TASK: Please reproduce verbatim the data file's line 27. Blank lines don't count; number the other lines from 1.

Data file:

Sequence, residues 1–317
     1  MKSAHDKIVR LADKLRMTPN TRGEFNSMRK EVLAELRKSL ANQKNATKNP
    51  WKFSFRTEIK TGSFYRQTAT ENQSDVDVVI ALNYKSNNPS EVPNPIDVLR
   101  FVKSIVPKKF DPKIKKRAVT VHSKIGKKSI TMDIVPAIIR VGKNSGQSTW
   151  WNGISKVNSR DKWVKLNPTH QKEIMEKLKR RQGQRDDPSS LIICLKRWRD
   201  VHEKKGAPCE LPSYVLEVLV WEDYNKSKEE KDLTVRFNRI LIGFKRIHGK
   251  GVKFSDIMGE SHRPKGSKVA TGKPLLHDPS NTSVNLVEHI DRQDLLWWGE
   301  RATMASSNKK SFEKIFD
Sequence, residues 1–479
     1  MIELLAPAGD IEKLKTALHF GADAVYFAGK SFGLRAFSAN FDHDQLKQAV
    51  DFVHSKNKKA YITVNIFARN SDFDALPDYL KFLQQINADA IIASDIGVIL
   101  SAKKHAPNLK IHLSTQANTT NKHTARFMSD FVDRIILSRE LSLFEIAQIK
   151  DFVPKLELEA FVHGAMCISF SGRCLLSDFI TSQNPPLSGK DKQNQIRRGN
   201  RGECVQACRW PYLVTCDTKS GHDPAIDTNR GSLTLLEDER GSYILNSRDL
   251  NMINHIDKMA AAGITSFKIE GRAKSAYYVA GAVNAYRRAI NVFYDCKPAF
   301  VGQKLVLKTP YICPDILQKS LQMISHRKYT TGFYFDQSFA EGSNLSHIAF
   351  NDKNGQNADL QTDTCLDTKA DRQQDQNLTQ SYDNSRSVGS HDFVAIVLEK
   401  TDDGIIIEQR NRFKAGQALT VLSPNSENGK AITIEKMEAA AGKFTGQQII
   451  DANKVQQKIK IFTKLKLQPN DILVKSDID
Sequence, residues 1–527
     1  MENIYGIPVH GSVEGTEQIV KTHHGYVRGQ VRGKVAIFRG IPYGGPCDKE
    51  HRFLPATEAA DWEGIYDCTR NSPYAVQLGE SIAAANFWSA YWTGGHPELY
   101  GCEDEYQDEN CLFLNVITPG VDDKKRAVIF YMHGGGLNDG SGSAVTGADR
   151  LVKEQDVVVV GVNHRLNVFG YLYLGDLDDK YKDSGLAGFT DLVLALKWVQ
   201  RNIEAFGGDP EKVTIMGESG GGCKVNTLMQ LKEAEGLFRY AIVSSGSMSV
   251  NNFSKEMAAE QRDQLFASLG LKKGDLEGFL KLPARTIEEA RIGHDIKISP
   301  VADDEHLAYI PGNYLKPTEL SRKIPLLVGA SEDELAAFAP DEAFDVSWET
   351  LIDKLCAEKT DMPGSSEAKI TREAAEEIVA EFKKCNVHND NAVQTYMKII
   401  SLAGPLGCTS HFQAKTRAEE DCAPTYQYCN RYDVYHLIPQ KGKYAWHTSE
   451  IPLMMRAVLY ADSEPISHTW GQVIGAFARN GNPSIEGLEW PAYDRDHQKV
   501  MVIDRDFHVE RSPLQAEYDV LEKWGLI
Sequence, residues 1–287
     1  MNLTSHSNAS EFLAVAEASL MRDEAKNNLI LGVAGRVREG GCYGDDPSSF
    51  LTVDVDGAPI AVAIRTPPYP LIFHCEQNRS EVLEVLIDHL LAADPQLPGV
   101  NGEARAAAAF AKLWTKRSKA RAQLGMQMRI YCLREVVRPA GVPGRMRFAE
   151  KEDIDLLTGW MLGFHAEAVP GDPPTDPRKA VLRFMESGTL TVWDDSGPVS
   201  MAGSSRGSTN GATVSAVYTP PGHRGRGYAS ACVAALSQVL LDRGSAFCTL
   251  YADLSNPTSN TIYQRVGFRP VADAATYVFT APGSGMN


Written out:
   301  VADDEHLAYI PGNYLKPTEL SRKIPLLVGA SEDELAAFAP DEAFDVSWET